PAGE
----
Three Methods Landfill Engineers Use to Assess Landfill Gas Production Rates

Many people have decided to assess landfill gas production. Ever since the first gas was seen bubbling from landfills in the 1970s, engineers have predicted landfill gas production, and recently a number of calculation models have been devised to predict the total volume and energy value/ climate change effect of landfill gas over the whole period of landfill gas production by the landfill. There are many advantages to doing this, if the circumstances are right for it. There is most certainly more than one way of going about doing it, and you should know about them if you intend to do such calculations yourself.

landfill-gas-image-NASA-Goddard-Space-Flight-CenterThere isn’t really a “one size fits all” solution. There are various methods to get it done which will work. Whatever method you discover can have good points and bad, and people who prefer it and other people who don’t.

Because of this it is best to first survey, analyze, and compare, the different methods available. Understanding the merits and drawbacks associated with every approach will help you choose wisely amongst them

To get you started off, what follows is a quick survey of the frequently employed approaches to assess predicted landfill gas production which are:

1. The so called “simple zero order” spreadsheet model. Is based on the assumption that each tonne of Municipal Solid Wastes (MSW) produces approximately 5 to 10 cubic metres of landfill gas for the first 10 years after deposition and approximately 150 cubic metres of landfill gas in total over its lifetime. This is a fancy name for a rule of thumb guide which has been used for many years for initial landfill gas quantity estimation.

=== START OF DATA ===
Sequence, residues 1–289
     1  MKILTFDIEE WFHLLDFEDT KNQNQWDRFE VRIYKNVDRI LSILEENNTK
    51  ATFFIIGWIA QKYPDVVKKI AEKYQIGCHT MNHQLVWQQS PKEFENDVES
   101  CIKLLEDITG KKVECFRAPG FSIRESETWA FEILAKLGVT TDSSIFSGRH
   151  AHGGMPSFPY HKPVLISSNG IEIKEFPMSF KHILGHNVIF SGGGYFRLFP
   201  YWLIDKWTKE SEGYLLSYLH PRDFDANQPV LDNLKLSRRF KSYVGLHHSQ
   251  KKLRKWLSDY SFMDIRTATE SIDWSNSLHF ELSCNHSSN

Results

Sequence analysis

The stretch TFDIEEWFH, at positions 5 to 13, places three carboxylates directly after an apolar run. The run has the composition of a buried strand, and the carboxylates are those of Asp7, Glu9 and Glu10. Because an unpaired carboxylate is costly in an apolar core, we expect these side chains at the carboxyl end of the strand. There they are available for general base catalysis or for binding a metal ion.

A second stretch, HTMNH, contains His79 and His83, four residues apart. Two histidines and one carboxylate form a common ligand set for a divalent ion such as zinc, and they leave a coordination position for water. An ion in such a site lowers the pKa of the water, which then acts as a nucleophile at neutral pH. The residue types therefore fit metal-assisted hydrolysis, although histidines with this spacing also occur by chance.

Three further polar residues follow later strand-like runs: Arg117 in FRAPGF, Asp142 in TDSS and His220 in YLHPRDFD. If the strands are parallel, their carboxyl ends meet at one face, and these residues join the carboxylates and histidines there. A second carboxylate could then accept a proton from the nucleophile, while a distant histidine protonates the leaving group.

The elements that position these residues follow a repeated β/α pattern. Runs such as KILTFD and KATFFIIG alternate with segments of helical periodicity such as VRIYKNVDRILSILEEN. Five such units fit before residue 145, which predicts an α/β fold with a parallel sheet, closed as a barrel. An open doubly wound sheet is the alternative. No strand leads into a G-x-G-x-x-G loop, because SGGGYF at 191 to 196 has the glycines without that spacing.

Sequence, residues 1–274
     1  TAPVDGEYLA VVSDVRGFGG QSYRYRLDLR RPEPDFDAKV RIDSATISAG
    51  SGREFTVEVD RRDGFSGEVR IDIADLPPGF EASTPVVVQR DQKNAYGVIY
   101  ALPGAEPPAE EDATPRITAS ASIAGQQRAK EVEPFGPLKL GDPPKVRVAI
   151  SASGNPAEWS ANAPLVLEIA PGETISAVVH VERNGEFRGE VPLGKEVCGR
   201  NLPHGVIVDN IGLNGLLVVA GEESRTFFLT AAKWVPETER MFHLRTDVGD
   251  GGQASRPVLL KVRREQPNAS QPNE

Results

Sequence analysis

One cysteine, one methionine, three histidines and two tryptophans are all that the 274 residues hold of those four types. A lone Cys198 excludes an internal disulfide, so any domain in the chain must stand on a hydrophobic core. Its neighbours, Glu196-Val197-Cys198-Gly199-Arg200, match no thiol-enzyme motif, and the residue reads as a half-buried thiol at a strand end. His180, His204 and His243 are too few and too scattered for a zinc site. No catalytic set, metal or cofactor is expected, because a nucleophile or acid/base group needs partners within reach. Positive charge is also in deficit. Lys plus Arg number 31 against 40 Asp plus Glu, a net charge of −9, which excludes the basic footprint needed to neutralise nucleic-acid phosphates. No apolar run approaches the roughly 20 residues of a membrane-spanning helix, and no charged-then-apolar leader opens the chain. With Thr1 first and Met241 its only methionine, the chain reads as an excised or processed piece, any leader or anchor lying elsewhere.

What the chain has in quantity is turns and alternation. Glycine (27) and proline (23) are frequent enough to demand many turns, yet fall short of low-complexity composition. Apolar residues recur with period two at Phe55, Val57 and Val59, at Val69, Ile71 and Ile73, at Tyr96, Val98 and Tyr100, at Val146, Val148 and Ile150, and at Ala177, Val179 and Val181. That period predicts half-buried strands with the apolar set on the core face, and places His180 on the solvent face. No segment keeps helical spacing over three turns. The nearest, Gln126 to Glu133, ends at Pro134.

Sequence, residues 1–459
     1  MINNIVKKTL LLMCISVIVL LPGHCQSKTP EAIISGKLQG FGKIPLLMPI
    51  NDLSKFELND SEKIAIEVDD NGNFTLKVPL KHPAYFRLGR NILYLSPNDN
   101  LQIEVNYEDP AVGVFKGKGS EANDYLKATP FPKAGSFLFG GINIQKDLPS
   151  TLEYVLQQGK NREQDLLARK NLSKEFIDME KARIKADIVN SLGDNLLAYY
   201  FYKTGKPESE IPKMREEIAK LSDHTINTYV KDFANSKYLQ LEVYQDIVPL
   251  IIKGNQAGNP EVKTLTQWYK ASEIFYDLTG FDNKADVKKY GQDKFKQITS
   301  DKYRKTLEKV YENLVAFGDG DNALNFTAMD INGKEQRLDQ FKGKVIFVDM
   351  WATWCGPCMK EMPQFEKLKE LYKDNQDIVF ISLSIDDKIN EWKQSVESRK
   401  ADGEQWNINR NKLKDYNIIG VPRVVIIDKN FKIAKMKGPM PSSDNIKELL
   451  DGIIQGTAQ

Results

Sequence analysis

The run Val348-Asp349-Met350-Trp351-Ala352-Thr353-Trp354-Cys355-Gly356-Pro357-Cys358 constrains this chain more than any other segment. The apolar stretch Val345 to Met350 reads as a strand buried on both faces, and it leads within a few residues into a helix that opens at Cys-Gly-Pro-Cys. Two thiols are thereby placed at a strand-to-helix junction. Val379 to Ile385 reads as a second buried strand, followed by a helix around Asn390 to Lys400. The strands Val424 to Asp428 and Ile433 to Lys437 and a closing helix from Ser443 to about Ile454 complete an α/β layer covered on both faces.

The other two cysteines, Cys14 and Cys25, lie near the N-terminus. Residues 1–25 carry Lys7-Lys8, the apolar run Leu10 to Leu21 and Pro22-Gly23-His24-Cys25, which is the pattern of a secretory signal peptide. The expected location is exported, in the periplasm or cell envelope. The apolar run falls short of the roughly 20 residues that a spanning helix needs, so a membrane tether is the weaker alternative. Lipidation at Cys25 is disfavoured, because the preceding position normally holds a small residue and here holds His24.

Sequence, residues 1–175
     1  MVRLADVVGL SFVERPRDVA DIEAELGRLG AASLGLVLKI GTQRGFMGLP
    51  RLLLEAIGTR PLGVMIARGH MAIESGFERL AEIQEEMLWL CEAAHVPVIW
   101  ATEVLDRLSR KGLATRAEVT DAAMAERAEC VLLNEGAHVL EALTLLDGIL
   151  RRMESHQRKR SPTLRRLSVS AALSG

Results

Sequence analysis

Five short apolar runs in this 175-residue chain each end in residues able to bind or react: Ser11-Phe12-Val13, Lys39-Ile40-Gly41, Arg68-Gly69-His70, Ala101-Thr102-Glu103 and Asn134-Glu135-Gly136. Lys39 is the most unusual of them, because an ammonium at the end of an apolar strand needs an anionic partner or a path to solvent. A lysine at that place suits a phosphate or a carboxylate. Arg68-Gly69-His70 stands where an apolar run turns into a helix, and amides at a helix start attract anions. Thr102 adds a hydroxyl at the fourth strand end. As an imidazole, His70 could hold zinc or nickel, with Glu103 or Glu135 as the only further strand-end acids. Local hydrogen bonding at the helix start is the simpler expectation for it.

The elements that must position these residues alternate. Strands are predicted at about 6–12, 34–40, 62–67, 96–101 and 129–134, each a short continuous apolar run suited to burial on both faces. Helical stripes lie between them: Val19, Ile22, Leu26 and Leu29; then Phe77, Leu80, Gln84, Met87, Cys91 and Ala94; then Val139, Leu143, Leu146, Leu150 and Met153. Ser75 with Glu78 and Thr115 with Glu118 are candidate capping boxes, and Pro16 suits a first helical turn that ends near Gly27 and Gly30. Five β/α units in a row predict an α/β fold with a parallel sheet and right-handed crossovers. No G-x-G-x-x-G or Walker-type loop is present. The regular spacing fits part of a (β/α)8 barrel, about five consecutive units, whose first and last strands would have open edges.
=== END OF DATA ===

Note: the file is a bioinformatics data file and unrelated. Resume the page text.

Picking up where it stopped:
2. GasSim2.5 which is the latest version of a resource and risk assessment tool for landfill gas adopted by the UK Agency and developed using UK Government funding by Golders consultants. The latest version, GasSim2.5, was released in early 2012. In GasSim2, the estimated prediction of the rate of generation of landfill gas is calculated from the mass of waste deposited and the composition of each waste stream. Site waste input data are used for historical waste inputs, and the waste composition as far as it affects gas yield is added in the model to calculate the quantity of carbon that is available for slow, moderate and fast degradation, and from that the quantity and rate of LFG production is predicted.

3. LandGEM is an Microsoft Excel based tool for estimating emission rates from municipal solid waste (MSW) landfills. The waste composition is made use of to determine the volume of carbon that is available for slow moving, moderate and rapid degradation and also the quantity from fast LFG production. Waste degradation is modelled in a comparable fashion for both of the first order models compared here. Waste degradation, and for this reason gas generation rate, follows first order decay kinetics. The degradation rates for sluggish, moderate and quickly degrading wastes are dependent on the waste dampness conditions. Default values, based on actual experience at UK land fills, are provided for ‘dry’, ‘ordinary’, ‘wet’ and ‘saturated’ conditions within sites, nevertheless the degradation rates can easily additionally be re-adjusted manually.

Needless to say there are other methods too, but these shown above are generally used and seem to be effective. All of them will work, and work nicely when applied correctly, although the “simple zero order” method is only good for very rough initial “ball-park” accuracy estimation. Each of these methods has numerous advocates and good examples. Simply choose whichever one you want and begin to assess landfill gas production rates!

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